Domestic deployment in technology-developers’ countries is very important to encourage newcomer countries to adopt SMR (i.e. operability/safety record, provenness) M. Hadid Subki, “Global Development Trends,12Prospects and Issues for SMRs Deployment”, 23rd TWG - GCR Meeting, IAEA Headquarters, Vienna, 5 - 7 March 2013

Licensing rules currently applied for certifying reactors have almost all been developed for relatively large reactors SMR designs are novel with features not deployed in currently prevalent reactors Integral designs with steam generators within reactor core, steam generator(s), and pressurizer into a single common pressure vessel Use of passive recirculation modes with low coolant flows under operational and accident situations

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Source: http://ansnuclearcafe.org/wpcontent/uploads/2013/03/hauling-NuScale-502x200.png

What is the market outlook for SMRs?

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Economical challenge for SMRs: Lower up-front cost, higher per kW/kWh cost

Diseconomies of scale vs accelerated learning

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Not much evidence of “Learning”

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Experts Expect Higher Costs

Text Text

Source:Abdulla, Ahmed, Inês Lima Azevedo, and M. Granger Morgan. 2013. “Expert Assessments of the Cost of Light Water Small Modular Reactors.” Proceedings of the National Academy of Sciences 110 (24): 9686–91. 17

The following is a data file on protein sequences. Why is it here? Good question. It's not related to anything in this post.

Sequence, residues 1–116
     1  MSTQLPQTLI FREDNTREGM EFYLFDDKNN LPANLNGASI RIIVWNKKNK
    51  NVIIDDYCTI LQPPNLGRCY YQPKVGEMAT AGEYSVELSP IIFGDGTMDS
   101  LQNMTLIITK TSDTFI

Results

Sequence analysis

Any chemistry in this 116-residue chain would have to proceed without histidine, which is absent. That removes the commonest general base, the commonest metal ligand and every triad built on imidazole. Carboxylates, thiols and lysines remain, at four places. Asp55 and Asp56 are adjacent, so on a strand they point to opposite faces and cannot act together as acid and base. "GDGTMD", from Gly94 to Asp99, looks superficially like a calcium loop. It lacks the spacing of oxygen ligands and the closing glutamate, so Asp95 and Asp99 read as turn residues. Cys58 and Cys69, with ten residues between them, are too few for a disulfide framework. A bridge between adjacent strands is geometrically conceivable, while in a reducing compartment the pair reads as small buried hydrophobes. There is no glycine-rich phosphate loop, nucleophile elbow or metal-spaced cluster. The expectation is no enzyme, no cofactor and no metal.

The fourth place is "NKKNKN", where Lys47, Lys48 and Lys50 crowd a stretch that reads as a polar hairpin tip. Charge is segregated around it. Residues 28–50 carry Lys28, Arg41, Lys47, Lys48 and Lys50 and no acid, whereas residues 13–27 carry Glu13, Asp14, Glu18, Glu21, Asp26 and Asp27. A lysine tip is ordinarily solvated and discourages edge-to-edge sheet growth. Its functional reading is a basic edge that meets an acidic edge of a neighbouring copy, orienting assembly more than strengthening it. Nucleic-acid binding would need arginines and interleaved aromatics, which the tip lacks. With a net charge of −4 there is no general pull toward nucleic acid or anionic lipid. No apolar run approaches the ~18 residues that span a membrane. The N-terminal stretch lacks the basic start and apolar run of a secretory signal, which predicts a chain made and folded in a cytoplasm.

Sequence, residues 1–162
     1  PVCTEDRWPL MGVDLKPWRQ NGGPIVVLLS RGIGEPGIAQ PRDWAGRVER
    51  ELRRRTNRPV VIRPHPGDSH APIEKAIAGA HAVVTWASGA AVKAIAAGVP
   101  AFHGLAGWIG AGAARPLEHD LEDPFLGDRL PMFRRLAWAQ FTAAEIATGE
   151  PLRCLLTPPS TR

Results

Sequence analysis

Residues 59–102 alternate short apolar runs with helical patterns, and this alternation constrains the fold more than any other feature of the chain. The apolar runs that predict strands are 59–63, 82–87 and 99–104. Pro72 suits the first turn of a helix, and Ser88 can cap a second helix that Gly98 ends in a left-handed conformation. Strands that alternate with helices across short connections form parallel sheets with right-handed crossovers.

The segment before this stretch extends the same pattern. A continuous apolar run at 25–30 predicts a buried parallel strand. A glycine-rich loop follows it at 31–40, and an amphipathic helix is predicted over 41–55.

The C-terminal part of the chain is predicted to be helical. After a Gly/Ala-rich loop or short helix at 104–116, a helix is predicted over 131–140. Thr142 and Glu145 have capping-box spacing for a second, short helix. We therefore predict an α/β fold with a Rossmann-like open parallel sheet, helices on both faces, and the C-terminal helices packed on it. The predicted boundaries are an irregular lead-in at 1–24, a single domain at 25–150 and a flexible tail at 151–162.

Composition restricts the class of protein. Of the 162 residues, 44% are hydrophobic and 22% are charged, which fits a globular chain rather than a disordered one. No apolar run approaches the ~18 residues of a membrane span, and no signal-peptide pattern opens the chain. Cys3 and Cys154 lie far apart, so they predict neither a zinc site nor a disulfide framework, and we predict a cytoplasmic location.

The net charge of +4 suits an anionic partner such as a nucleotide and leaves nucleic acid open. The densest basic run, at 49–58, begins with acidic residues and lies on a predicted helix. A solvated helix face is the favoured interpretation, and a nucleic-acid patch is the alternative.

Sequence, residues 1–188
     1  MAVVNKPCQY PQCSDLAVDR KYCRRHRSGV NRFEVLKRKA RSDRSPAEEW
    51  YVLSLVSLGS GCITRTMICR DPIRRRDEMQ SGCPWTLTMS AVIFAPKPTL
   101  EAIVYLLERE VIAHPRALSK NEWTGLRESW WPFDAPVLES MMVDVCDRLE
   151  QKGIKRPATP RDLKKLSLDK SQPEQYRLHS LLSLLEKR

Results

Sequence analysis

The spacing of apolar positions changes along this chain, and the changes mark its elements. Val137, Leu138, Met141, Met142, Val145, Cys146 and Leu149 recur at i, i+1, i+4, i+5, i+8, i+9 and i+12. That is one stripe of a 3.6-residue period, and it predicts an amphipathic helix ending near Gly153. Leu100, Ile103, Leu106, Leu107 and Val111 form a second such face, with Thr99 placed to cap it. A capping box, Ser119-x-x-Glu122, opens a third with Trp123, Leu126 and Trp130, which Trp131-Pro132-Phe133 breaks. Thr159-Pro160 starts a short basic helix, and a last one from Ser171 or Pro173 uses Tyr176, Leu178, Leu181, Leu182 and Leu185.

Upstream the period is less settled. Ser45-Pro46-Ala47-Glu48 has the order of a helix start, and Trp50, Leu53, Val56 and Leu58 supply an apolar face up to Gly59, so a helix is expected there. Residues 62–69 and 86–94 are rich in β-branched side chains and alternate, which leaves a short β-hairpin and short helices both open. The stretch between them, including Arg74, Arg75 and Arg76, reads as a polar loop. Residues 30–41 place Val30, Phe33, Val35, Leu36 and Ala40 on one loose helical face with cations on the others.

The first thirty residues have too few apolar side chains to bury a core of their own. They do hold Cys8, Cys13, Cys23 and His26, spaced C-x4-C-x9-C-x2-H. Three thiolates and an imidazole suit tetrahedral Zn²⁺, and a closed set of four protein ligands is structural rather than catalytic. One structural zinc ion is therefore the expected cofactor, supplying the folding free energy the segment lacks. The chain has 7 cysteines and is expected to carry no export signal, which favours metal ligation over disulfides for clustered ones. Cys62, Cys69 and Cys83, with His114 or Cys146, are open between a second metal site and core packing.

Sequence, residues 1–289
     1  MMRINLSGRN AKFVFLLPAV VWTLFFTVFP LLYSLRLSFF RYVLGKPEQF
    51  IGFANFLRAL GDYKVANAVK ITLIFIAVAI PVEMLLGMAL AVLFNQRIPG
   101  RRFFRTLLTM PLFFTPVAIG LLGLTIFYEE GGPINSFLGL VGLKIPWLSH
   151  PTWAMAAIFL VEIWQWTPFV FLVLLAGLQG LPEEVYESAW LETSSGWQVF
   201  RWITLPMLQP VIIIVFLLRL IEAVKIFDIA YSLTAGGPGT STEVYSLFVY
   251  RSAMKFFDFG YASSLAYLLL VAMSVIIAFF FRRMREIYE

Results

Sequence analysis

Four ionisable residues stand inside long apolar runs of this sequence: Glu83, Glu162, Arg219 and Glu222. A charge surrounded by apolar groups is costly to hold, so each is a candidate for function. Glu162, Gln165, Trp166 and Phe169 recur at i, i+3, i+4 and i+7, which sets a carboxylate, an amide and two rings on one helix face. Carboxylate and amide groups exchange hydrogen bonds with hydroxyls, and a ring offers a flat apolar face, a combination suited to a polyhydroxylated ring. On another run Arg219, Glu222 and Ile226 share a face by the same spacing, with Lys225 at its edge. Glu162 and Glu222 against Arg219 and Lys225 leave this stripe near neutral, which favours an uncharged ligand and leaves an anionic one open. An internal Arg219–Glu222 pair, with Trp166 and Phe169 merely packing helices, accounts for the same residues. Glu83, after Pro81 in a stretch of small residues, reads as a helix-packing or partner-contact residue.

Licensing might pose safety requirements that could drive up operating costs Several unresolved issues: Use of Probabilistic Risk Assessment in the Licensing Process for SMRs; Appropriate Source Term, Dose Calculations, and Siting for SMRs; Offsite Emergency Planning (EP) Requirements for SMRs;…

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Need a “full order book” before setting up manufacturing plant Demand for these reactors is uncertain—potential customer countries not buying

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Two US SMR Vendors

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2014: B&W slashed funding on SMR R&D (over $80 mn/y to below $15 mn/y) No investors or customers willing to contract “At this time, the latest extension to the Cooperative Agreement [Small Modular Reactor Licensing Technical Support Program] has expired and the DOE funding has been suspended”

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Westinghouse also pursued SMRs for over 1.5 decades (IRIS, Westinghouse SMR) 2014: “reprioritised staff devoted to SMR development” and focus its efforts on the AP1000 reactor and “gaining new decommissioning contracts” “The problem I have with SMRs is not the technology, it’s not the deployment -- it’s that there’s no customers” - Danny Roderick 23

The Problem with Multiple Objectives

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All desirable properties will likely not be realizable in a single design

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Conclusion SMRs still unproven technology

New and untested designs: not deployed in home countries Not enough market potential to justify building factories to make SMRs 26